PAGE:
Superman is the most iconic superhero in the world, and he's loved by millions --- but he's not necessarily the easiest character to get to grips with if you haven't been exposed to the right material. Even as a massive Superman fan, I'll admit that it can be a bit hard for some readers to wrap their heads around exactly why he's so great and why he matters so much. We've put together a list of the ten essential Superman stories for any reader looking to dive into Superman fandom.
Over its 25 years, Image Comics has carved out a reputation as the biggest non-superhero publisher in North American comics. Sure, it launched 25 years ago with books like Spawn, Youngblood, and so on, but it evolved into a company that embraces and celebrates genre diversity. Yet it was also at Image that a new superhero universe was created that gave us many of the best superhero stories of the past twenty years; Astro City, by Kurt Busiek, Alex Ross, and Brent Anderson.
Check out the best fantasy comics in 2016, including our critics' picks, and the comics you voted the runner up and winner in this category!
This week we're turning to Astro City, the superhero meta-epic created by Kurt Busiek with artists Alex Ross and Brent Anderson. It originally launched at Image Comics way back in 1995, and now lives on at Vertigo.
Astro City would work best as a big budget semi-anthology TV series. The superheroes would have recurring roles, but each episode would focus on a different character, whether it's one of them or one of the regular citizens. With that in mind, I've focused on a few of the earliest stories, with room to cast more down the road.
There’s a strong strain of the collector in fandom, and buying for a comics fan can be a difficult endeavor, because so much of what they want is something they already know about. But even the most famous writers, artists, and characters have obscurer works that often go overlooked.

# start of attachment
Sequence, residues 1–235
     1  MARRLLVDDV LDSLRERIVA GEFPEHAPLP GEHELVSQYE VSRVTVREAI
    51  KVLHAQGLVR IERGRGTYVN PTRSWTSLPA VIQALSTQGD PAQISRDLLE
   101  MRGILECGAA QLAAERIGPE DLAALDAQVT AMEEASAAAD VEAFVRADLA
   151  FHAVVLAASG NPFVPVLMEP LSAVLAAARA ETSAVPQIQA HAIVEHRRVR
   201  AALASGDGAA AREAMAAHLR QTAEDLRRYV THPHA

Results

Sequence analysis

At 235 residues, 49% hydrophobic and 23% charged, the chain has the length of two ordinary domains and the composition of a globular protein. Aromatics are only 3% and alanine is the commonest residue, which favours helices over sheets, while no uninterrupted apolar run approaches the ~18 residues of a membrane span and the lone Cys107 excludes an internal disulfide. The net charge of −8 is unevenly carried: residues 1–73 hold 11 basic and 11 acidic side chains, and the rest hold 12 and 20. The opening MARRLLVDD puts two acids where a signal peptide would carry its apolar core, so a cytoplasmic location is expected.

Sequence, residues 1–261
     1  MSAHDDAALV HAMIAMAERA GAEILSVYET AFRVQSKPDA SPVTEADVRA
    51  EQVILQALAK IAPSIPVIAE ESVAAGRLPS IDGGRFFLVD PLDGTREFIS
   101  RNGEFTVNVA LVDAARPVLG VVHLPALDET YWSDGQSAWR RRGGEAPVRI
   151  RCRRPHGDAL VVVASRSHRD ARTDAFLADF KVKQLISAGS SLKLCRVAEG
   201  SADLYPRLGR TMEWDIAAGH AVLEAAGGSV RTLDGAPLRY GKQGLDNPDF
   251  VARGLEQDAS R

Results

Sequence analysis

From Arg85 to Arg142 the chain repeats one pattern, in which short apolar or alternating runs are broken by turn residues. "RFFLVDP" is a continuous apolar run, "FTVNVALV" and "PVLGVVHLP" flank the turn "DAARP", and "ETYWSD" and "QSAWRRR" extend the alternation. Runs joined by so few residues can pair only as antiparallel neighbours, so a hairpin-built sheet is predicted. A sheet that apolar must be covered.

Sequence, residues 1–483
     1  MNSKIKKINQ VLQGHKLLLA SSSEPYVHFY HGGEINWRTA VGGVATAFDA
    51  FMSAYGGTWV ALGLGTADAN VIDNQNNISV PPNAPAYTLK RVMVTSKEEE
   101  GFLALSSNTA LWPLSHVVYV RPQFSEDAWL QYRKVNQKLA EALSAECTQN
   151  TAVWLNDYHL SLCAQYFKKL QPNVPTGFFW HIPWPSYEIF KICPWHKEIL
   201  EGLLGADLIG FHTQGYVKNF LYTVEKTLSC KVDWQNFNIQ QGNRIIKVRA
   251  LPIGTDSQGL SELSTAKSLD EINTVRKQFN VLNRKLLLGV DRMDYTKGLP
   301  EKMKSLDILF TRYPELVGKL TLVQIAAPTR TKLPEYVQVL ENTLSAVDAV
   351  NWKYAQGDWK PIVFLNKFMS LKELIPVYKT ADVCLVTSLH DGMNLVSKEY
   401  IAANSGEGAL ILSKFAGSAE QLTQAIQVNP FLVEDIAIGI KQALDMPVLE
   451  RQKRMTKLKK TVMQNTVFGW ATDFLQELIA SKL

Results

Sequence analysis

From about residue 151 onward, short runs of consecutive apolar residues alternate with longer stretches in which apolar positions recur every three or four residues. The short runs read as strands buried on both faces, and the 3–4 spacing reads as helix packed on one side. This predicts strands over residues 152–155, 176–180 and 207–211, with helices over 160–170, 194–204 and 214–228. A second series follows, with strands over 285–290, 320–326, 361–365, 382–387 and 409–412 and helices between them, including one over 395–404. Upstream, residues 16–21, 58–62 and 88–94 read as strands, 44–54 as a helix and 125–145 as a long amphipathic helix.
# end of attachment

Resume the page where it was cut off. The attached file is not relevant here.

This gift guide looks at deep cuts for the superfan in your life, and we've divided into three sections; favorite artists, favorite writers, and favorite characters. If you know someone who is passionate about Darwyn Cooke, devoted to Warren Ellis, or a big-time Superman fan, we may have the perfect gift suggestion.
We all know the story: a young soldier marches proudly off to war, his or her (usually his) uniform pressed and tidy, chest puffed out, only to learn that war is Hell. It’s one of the first narrative deconstructions we encounter growing up in Western culture, so much so that it in some ways becomes the new narrative.
But any story can be kept fresh with the right elements, and by knowing how those elements are going to interact with the narrative. Kurt Busiek and Carlos Pacheco’s Arrowsmith is a fine example of this genre, set in a world full of magic and fantasy where the equivalent of the first World War is underway, grinding many an inexperienced soldier-mage like Fletcher Arrowsmith under its wheels.
We're currently in the midst of our Fantasy Week, and there's no greater fantasy tale than JRR Tolkein's epic Lord of the Rings trilogy. The series --- which was later adapted by Peter Jackson as one of the most critically acclaimed genre franchises of all time --- helped define Western interpretations of the genre as a whole and even people who don't care for fantasy probably have some positive feelings about Lord of the Rings.
Comic books have a long history with the genre and we've assembled a list of five of the best independent fantasy comics for you to check out if you're a fan of the genre. Love that? Try this!
Unbeatable Squirrel Girl and Thunderbolts will both celebrate major anniversaries in 2017 with oversized specials that bring back the characters' original creators to work alongside their current teams. It's both a pretty cool way to observe these anniversaries, and a sign of just how much Marvel today is tied to what was going on in the '90s!
As experienced comic book readers it's hard to be fooled and it's hard to be genuinely taken by surprise, so when a last page comes along that makes you question literally everything you just read, that's something to appreciate. This week, Comixology has a sale on the first three volumes of Kurt Busiek and Mark Bagley's original run on Thunderbolts, which I promise you has the best twist in superhero comics.
The 2013 queer coming of age movie Blue Is The Warmest Color, directed by Abdellatif Kechiche and starring Adèle Exarchopoulos and Léa Seydoux, has been acclaimed as one of the most emotionally complex and compelling movies of recent years. A beautiful story about two women's love for each other, and their eventual heartbreak, it's based on the graphic novel by Julie Maroh.
The movie is available to watch on Hulu and Netflix, so if you've seen it once, there's a chance you've seen it two or three or four times. If you're thirsty for more sorrow, love, or troubled adolescent relationships, here are some creator-owned or independent comics that you can check out next.